A Guide on Canadian Boat Official Number

boat's official number

Maybe the time has come for you to dive right into buying a boat, or maybe you just want to know more about the necessary documentation before making a purchase.  Either way, you must be certain to have certain requirements in order, such as having your boat’s official number and obtaining a license as your next steps after you’ve made the purchase. In Canada, you must approach Transport Canada to receive the necessary permits and licenses you need since, for example, a registration number is different from an official number, and getting a boat license is distinct from getting a boating license.

By now, you’re probably picturing that spending time on the lakes and rivers throughout the year would be enjoyable for you, your family, and your friends. Imagine how much fun it would be to go fishing, water skiing, traveling, or just spending a quiet day on a neighboring lake or river. If sailing is new to you, you may feel overwhelmed by all there is to learn. You probably got a quick lesson in the various types of pleasure craft available when you were looking for a boat to buy. You have probably also learned a little bit about the basics of boat maintenance and cleaning procedures. However, we’ve still prepared a small guide on Canadian official numbers and all that there is to it. 

Introduction to a Boat’s Official Number

You must register just about any motorized vessel you buy in Canada with the proper transportation authority. If your boat is new, you will need to register it for the first time with Transport Canada. There is a transfer of ownership procedure that must be done with the current Pleasure Craft License if you are purchasing a used boat (PCL). The official number of your vessel will be on the certificate of registration you get from Transport Canada once the ownership transfer is successfully completed.

In addition to receiving the official name of your boat when you register it with Transport Canada , you will also obtain a registration number that will help the agency and law enforcement officials identify your boat if they ever need to. Your boat will be easier to locate for government and law enforcement officials with the help of your official number. However, it’s crucial to keep in mind that this is not the same number that can be seen on the outside of your boat. It’s easy to see how this may become confusing.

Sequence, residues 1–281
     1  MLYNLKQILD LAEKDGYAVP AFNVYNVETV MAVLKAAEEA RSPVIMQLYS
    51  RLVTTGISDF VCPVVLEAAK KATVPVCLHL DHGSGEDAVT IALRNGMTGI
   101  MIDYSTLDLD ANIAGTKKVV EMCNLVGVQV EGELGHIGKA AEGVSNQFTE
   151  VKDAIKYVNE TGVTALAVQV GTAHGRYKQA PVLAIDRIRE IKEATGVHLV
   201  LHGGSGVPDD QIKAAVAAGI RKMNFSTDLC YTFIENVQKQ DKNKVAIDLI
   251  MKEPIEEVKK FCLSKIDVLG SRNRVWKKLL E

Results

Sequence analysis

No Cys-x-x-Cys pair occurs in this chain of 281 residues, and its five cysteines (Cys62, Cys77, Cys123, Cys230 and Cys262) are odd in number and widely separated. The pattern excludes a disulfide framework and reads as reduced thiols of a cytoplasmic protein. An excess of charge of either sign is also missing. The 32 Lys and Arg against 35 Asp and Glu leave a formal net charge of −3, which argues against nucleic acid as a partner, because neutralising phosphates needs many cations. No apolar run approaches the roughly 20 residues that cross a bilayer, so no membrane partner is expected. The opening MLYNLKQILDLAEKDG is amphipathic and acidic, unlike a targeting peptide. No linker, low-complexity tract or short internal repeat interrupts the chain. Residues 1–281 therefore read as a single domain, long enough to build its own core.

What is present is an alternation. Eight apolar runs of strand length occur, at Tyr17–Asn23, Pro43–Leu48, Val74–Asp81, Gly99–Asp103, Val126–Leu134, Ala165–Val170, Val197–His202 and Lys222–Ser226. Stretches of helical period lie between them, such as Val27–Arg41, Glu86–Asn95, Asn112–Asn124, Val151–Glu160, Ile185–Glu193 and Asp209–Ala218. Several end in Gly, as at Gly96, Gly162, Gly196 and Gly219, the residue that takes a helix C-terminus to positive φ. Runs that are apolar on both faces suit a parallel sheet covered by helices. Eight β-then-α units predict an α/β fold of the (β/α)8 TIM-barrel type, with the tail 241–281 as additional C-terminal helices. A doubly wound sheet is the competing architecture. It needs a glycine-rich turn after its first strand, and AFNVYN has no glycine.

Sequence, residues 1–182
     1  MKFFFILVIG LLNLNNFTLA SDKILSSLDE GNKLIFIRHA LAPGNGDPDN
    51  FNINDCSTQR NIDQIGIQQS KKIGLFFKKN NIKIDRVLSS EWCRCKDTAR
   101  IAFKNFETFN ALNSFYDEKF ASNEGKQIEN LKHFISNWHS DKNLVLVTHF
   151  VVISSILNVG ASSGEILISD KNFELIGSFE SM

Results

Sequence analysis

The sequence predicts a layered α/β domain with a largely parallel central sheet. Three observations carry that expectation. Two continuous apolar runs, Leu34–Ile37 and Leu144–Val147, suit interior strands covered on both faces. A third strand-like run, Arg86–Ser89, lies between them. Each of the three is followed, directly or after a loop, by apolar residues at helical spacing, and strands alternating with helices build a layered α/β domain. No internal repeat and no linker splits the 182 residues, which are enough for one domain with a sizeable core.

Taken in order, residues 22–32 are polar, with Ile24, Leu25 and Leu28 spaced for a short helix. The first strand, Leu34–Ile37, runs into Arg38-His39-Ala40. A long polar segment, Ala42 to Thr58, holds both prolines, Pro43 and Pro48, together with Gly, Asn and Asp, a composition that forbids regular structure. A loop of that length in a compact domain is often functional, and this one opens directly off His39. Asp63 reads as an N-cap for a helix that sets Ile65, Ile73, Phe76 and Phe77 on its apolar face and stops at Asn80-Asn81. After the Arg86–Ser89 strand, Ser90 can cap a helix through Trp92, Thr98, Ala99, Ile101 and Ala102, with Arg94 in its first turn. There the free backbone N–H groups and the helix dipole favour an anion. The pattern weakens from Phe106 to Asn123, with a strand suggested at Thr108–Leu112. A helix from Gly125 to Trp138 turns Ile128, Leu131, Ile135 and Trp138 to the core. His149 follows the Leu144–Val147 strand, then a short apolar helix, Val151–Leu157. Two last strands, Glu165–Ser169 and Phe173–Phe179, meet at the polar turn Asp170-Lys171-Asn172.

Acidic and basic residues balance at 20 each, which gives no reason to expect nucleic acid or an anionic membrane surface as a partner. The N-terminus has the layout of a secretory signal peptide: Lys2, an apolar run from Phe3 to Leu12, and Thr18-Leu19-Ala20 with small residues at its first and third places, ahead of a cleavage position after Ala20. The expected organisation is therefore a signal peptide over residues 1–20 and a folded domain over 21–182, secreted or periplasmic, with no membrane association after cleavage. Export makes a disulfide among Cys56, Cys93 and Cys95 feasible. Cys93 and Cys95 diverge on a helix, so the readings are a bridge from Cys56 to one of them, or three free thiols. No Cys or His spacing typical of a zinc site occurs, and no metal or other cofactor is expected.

Obtaining a Canadian Boat Official Number

The National Vessel Registry Center Corp. has made the required forms available online on our website to assist you in the process of receiving your Canadian official number on your vessel. You can complete the forms and provide your payment information; we will then take it from there, verify the information, and forward it to Transport Canada for processing. You will find everything to be easy and straightforward, so you may obtain the formal registration you require. Call us at (800) 419-9569 if you need any assistance with vessel registration or licensing (Canada). You can contact us through our online contact form for anything else.

The Meaning of the Numbers

Registration numbers typically begin with two letters that identify the province in which the vessel is registered. They also contain seven unique digits. They identify the boat as being registered with Transport Canada and are specific to each boat that wears them.

Larger commercial ships occasionally start out with just the letter “C.” Regardless of size, a boat’s registration number serves the same function as proof of ownership and identification with the Canadian government.

How to Use This Number

As we have mentioned earlier, there are some fundamental differences between the official number and the boat’s registration number. You must display your official number (with the O.N.) in an easily visible location inside your boat. Make sure that the height of this series of digits is at least four centimeters.

As far as your official boat registration number, you must put it on both sides of the bow. The number must be printed in legible block letters that are at least 7.5 cm high and above the waterline. The number must be written on the ship in a color that contrasts with the bow, so if the bow is black, writing in white is the most obvious choice. There are no restrictions on the number’s width as long as it can be seen against the ship’s bow.

boat official number

Obtaining a Canadian Official Number

You can get all the help and tools you need at the National Vessel Registry Center if you wish to begin the process of getting a boat identification number from Transport Canada. Our specialists have dealt with similar situations before and can help you obtain the number quickly without needing to reapply. We simplify the application process, so get in touch with us right away by calling (800) 419-9569 or using our online form.